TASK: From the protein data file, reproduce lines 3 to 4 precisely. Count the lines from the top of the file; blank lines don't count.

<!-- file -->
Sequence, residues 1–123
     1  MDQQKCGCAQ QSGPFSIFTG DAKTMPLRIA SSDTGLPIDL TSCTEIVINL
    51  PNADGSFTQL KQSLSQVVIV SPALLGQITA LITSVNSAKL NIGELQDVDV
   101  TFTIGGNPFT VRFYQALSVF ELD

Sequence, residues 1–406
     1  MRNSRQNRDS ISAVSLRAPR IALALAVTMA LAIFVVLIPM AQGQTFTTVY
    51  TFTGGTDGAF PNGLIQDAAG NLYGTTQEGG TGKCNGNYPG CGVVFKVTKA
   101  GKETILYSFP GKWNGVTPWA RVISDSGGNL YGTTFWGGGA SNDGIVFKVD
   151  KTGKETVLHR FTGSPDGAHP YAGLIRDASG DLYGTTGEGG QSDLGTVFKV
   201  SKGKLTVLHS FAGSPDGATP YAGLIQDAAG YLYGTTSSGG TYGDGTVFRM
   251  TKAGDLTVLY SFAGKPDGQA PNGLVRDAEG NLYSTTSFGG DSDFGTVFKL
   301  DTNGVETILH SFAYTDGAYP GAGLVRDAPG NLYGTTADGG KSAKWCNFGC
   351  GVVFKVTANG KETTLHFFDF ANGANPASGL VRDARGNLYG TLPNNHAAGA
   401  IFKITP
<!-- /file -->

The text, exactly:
    51  PNADGSFTQL KQSLSQVVIV SPALLGQITA LITSVNSAKL NIGELQDVDV
   101  TFTIGGNPFT VRFYQALSVF ELD